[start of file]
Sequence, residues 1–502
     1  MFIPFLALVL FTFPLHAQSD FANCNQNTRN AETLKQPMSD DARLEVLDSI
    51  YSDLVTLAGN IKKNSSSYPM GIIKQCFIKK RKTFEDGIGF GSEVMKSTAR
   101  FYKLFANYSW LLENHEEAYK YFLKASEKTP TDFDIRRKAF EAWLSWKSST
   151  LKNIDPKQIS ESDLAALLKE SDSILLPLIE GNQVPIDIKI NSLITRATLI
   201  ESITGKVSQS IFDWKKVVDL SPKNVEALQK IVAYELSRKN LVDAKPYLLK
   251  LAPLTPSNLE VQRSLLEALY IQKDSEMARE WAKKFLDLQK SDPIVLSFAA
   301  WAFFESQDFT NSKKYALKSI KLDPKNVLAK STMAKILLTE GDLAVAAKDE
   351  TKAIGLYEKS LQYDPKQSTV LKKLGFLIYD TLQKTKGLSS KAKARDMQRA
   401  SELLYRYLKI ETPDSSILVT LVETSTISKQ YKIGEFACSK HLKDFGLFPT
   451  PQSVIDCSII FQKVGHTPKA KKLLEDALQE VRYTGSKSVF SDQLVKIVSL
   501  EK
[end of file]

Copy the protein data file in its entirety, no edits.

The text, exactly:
Sequence, residues 1–502
     1  MFIPFLALVL FTFPLHAQSD FANCNQNTRN AETLKQPMSD DARLEVLDSI
    51  YSDLVTLAGN IKKNSSSYPM GIIKQCFIKK RKTFEDGIGF GSEVMKSTAR
   101  FYKLFANYSW LLENHEEAYK YFLKASEKTP TDFDIRRKAF EAWLSWKSST
   151  LKNIDPKQIS ESDLAALLKE SDSILLPLIE GNQVPIDIKI NSLITRATLI
   201  ESITGKVSQS IFDWKKVVDL SPKNVEALQK IVAYELSRKN LVDAKPYLLK
   251  LAPLTPSNLE VQRSLLEALY IQKDSEMARE WAKKFLDLQK SDPIVLSFAA
   301  WAFFESQDFT NSKKYALKSI KLDPKNVLAK STMAKILLTE GDLAVAAKDE
   351  TKAIGLYEKS LQYDPKQSTV LKKLGFLIYD TLQKTKGLSS KAKARDMQRA
   401  SELLYRYLKI ETPDSSILVT LVETSTISKQ YKIGEFACSK HLKDFGLFPT
   451  PQSVIDCSII FQKVGHTPKA KKLLEDALQE VRYTGSKSVF SDQLVKIVSL
   501  EK